Sunday, January 02, 2011

January at the Gym: The Attack of the Resolutionaries

Amusing article, that will immediately ring true to all veteran exercisers. I think the point below captures a truth about gyms:
Humans have a need for rituals and routine. Humans in gyms display this need in a hyper-developed, 'roidy kind of way, which makes sense: The gym is the place we go to control one of the few things in life we can control (dumpiness) and so it becomes the place where we become the people who try to control everything else (diva-ness!). The gym is a microcosmic symbol for how splendidly the world could work, if only everyone would wait their turn, properly hydrate and remember to wipe down whatever they touched with a lemony Pine-Sol solution.
My own personal peeve--which does not apply exclusively to newbies--relates to waiting for machines. There is a certain body language that one needs to exhibit, to indicate that one is waiting for a machine. It needs to be subtle, so as not to inappropriately crowd the person currently on the machine (unless of course they are resting between sets, in which case they are breaking the rules and being unfair themselves, and deserve to have pressure applied--up to and including crossing the non-verbal barrier, of being asked outright "okay if I work in?"). But it needs to be clear enough to inform the sequencing decision of other patrons. It is frustrating to think you are next in line for a machine, only to have someone come flying from across the gym to claim it. There is an instinctive art that most people seem to grasp, but a few are either unconsciously or willfully oblivious to. Here is a list to help them:

Do's and Dont's:

  1. Don't rest between sets. Ever. Even if the gym seems empty, discipline yourself to clear off the machine, to give others a chance to work in. Don't make them ask.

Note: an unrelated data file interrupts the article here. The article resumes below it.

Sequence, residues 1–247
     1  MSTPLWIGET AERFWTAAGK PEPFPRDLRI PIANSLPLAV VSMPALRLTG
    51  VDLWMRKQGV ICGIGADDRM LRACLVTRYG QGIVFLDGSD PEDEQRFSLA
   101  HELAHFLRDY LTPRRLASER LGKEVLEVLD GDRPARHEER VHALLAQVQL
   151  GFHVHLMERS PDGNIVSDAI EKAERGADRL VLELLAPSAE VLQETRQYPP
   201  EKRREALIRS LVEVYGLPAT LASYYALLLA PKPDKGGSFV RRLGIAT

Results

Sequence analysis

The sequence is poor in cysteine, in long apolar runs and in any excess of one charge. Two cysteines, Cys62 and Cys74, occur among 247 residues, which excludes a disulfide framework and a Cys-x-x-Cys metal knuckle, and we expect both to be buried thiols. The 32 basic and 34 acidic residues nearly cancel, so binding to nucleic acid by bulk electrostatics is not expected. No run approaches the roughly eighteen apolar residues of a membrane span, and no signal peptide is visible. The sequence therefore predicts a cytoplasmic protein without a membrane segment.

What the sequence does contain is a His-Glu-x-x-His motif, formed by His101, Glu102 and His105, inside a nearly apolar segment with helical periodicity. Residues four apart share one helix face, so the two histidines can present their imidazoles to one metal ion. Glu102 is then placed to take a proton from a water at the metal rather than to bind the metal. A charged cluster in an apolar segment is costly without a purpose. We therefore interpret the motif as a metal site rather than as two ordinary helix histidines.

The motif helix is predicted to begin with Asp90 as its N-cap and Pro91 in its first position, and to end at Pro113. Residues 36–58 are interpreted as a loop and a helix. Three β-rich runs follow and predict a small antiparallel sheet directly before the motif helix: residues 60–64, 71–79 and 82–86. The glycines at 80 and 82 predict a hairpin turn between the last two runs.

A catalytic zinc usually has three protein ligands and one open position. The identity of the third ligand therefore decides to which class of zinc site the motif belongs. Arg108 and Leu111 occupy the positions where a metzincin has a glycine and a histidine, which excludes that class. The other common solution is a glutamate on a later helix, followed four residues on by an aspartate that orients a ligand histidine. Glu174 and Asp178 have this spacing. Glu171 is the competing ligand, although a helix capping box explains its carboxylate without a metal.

2. As a corollary, don't "guard" the machine. This involves complying with the letter of the law, by getting up off the machine, but violating its spirit, by hovering so close that another person can not gracefully access the machine.
  3. Do realize that proximity is very important. You can't signify you are waiting for a machine if you are across the gym.
  4. Direction is also important. You need to be generally facing the machine you want, and without staring, you need to let you glance drift toward it occasionally. 
  5. Which brings up the next rule--while waiting, be aware of others. If you sense that they are trying to evaluate whether there is a wait for it, you need to give off clear signals that you are in line. But not aggressively. Your operating assumption should be that they are not competitors who must be actively deterred, but rather rule-abiding fellow exercisers of goodwill, who, like you, are merely seeking to optimize their time.
  6. You absolutely can't be waiting for one machine while you are on another. Not even if they are right next to each other. (A possible exception--some gyms may try to set a priority for those who work in sequence. In my opinion, this is both undesirable--because different people have different ideas of the proper sequence--and just leads to disputes. But if it is the posted letter of the law at your gym, you should respect it.)
  7. Don't exercise in packs. It isn't fair for 2-4 people to monopolize a machine by trading off sets. (Note: this probably varies with the culture of the gym, in hardcore, male-oriented facilities this may be the norm. You will know if you are in the wrong place.)

1 comment:

  1. Agree, except for the part about resting between sets. In the time it takes me to rest between stets, I could just about sign out of the machine and the next person would still be adjusting the settings and weight. So I don't see it as a big imposition to rest between sets (I only ever do 2).